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A ‘yo-yo’ currency kills export growth

21 September 2006.

A ‘yo-yo’ currency kills export growth

The Canterbury Manufacturers’ Association says that although the current account deficit has narrowed in the months since March, the strengthening of the NZD will undermine export led growth in the economy. The Association says that the absence of cohesive behaviour between Michael Cullen and Alan Bollard has resulted in New Zealand becoming a good bet for exporting currency and a bad place to try and build a tradable export business.

“The news that the volume of exports has risen is encouraging but for this to be sustained there needs to be less volatility in the dollar” says CEO John Walley. “There was some relief for exporters and those who rely on foreign exchange earnings over the past few months as the NZ dollar declined with softening attitudes to interest rates in New Zealand and rates rising in the rest of the world. Exporters felt a bit of the pressure lift, particularly on the all important Australian dollar for manufactured exports”.

“But what has happened in the past week or so is that the Government and Reserve Bank have sent out different messages. One the one hand, Michael Cullen was issuing warnings as to New Zealand’s trade figures trying to pressure the dollar. Next, there was a hawkish statement from the Reserve Bank Governor warning that interest rates could rise, lifting the lid on the export of Kiwi dollars”.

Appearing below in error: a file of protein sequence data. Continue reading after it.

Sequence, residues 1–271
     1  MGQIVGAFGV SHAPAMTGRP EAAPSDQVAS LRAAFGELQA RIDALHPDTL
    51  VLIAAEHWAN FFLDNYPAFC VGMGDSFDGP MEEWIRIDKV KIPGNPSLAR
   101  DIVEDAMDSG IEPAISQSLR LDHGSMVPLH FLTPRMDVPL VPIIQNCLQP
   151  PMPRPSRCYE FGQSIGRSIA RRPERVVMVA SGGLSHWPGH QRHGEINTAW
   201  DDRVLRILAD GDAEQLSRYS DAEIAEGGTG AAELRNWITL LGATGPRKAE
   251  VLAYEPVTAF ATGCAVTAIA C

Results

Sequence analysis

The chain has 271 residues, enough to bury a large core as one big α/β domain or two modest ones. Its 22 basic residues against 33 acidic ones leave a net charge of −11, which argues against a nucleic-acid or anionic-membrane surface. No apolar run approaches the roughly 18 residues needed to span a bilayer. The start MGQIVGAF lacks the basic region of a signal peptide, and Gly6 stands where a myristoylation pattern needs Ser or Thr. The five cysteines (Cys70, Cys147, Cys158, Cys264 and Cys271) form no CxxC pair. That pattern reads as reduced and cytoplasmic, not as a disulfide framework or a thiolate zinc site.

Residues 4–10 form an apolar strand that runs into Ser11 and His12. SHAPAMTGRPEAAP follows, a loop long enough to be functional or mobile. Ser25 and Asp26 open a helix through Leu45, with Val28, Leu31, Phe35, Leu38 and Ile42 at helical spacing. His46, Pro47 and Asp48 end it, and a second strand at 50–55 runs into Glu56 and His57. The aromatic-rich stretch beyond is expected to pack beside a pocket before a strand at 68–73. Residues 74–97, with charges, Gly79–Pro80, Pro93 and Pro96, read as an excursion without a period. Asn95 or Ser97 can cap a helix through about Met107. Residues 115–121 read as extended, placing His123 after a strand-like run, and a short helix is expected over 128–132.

“How can New Zealand exporters build international businesses, and cope with a yo-yo currency.?”

Mr. Walley says that the Government needs to better link fiscal and monetary policy as to counter the volatility in the Kiwi dollar. “There needs to be cohesion between the Government and the Reserve Bank. Inflationary policies pursued by Government at the very moment the Reserve Bank feels the need to push back against inflation does not help close the trade deficit or support the development of export businesses”.

“There is a lot of money being pushed into the economy as the Government is paying for its election promises and people are spending more” says Mr. Walley “however this is happening at the same time as exporters are being squeezed by rising costs and imports. The result is inflation to which the Reserve Bank had to respond and this has created the recent instability and uncertainty in the exchange rate”.

“The volatility currently being experienced with the New Zealand dollar is great news for dollar exporters but not for New Zealand based tradable exporters. A yo-yo currency damages export outcomes and ultimately the viability of the New Zealand economy”.

ENDS

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